4. Arm yourself with about 6 of each of jubilee clips size 000 and size
0x as the VX original items are near impossible to get back on once you have taken them off.
5. You dont need to drain the coolant like it says either. when the inlet manifold comes off you do get about 1/2 a pint that comes out of the gallery in the top left of the block as you look at it but its not alot. the only thing you need to watch is that you mop any out of the inlet in the cylinder head if any goes in there. Also you dont need to bleed the system when you rebuild either as it does it itself once the engine is running. 1 other good tip is to make sure you put the coolant pipe and jubilee clip on to the inlet manifold stub before you put the fuel pump back in, as you cant get in to tighten it up when the pump is on. I found out the hard way and had to take the manifold and pump back off!!
6. I re-used the fuel pump to common rail fuel pipe as well after giving it a good clean and checking the threads were ok. Haynes says to replace it but it looked perfectly serviceable to me so I re-fitted it. No leaks on start so proved its not necessary. Also the fuel pump is self bleeding too so dont worry about bleeding that either.
7 I noticed there is some debate on here about whether to replace the swirl vane actuator when you repalce the inlet manifold as they are matched. Well i did not replace it,( i just made sure it wasnt seized and moved full range by moving it manually but do it slowly as its geared), After a 200 mile drive today after rebuild, i can report that it works fine and the car is back to its old self. Im not saying you shouldnt change it but its an expensive piece and i dont really see the need to.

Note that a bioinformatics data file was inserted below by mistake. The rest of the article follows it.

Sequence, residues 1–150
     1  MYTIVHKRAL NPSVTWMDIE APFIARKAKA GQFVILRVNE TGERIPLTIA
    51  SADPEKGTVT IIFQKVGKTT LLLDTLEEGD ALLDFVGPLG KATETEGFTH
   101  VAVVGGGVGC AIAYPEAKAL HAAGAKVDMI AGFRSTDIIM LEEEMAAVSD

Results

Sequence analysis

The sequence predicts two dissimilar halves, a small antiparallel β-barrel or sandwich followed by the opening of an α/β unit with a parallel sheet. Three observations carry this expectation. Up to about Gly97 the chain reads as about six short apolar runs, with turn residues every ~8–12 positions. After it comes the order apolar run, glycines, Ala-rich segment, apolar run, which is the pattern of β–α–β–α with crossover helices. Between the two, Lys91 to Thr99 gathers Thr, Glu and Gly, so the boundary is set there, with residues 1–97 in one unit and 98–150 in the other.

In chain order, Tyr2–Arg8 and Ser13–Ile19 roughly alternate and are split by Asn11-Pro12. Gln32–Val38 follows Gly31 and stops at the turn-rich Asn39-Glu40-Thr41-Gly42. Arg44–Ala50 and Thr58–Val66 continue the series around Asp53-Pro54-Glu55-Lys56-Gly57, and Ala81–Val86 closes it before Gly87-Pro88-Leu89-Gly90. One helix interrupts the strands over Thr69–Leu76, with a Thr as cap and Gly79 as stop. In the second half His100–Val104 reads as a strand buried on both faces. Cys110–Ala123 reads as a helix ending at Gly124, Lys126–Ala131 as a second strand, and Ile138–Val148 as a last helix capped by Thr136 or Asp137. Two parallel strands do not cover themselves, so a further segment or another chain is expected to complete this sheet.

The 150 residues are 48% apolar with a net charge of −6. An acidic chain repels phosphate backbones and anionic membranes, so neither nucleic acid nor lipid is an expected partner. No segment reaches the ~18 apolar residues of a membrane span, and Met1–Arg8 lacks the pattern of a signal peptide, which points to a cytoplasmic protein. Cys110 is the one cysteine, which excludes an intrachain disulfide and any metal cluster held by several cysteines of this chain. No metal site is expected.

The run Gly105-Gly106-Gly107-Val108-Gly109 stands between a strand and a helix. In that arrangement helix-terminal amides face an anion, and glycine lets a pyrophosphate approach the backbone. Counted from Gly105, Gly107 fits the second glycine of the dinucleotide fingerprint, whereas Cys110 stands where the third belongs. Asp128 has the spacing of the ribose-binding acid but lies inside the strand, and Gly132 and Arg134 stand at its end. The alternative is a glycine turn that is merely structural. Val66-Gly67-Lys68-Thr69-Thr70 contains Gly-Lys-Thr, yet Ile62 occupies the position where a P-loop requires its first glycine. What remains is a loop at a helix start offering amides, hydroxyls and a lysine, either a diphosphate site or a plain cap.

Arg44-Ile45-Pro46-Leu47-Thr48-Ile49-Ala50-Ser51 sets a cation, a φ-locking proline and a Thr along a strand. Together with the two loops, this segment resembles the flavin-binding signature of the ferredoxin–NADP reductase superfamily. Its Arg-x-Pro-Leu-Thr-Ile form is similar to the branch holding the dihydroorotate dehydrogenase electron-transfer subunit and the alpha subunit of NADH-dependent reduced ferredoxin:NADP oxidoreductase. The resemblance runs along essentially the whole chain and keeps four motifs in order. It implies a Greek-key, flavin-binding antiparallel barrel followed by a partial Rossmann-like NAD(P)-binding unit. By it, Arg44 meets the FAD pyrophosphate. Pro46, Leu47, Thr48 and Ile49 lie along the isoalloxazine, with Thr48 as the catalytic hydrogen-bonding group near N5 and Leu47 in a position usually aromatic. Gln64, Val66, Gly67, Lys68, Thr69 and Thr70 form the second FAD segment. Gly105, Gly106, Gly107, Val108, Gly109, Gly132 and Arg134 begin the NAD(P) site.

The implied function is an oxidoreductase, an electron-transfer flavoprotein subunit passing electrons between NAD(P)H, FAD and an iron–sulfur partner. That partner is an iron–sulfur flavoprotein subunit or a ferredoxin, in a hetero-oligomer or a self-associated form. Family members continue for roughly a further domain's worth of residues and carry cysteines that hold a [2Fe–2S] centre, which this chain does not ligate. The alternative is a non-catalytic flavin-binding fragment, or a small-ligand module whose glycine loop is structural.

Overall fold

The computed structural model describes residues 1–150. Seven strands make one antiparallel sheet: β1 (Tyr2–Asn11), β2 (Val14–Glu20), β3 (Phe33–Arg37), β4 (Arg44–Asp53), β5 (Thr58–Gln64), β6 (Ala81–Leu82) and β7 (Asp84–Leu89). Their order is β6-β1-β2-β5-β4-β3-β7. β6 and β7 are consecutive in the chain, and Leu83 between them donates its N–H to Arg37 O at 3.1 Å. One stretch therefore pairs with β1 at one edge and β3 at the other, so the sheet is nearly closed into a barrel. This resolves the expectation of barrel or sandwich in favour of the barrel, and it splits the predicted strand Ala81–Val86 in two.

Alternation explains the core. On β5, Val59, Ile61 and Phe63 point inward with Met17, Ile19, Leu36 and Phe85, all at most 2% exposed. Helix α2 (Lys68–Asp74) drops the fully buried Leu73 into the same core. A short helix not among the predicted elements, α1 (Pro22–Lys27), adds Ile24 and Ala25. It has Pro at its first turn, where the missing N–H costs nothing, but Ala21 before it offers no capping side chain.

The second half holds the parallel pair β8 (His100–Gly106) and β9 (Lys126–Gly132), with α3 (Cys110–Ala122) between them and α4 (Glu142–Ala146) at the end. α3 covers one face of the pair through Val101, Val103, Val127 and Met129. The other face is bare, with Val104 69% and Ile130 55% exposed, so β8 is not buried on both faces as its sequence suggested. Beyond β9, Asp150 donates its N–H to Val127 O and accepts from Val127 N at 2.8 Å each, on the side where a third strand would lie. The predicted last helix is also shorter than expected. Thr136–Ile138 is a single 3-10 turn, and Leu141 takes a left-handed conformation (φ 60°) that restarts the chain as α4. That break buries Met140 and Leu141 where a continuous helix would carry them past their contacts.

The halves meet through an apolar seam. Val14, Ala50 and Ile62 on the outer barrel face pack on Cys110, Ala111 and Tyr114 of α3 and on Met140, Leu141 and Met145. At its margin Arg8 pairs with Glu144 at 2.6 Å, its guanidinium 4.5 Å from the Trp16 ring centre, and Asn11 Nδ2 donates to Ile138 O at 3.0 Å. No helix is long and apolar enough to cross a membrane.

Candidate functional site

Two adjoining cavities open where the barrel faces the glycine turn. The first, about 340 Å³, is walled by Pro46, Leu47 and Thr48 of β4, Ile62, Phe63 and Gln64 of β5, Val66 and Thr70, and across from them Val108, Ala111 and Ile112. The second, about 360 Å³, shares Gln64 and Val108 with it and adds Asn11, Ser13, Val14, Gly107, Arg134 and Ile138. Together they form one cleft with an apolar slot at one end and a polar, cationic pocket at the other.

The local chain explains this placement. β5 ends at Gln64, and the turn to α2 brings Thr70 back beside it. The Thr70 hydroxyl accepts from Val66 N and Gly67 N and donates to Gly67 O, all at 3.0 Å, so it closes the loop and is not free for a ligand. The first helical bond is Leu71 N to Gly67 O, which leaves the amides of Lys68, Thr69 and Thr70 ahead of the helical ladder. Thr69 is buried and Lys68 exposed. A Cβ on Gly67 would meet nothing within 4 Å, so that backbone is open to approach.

8. I also checked the soldering on the circuit board on the main throttle body(theres a thread on here about it) and mine was cracked exactly as shown in the pictures on that thread, thanks whoever discovered that one. Resoldered as suggested and all worked fine.
Well thats about it, it looks a bit of a daunting job when you first look at where this things fitted but if you follow haynes and apply some common sense you can do it in a day like i did, on my drive, on my own. Make sure you have some of those torx bits and a magnet if like me you drop things!!
I guess all in all its cost me £250 but that includes having to take it to a garage to have the pulley changed as i dont have a jack to lift the engine to remove the timing belt to change it.
So all in all use the info on this site, it really is a godsend and again i thank all who contribute here, you really are appreciated, but have a go, it saved me a good deal of cash and wasnt really that difficult, awkward yes but very achievable especially if there are two of you.
Thanks for reading this far and i hope that if you do have a go this is of some use.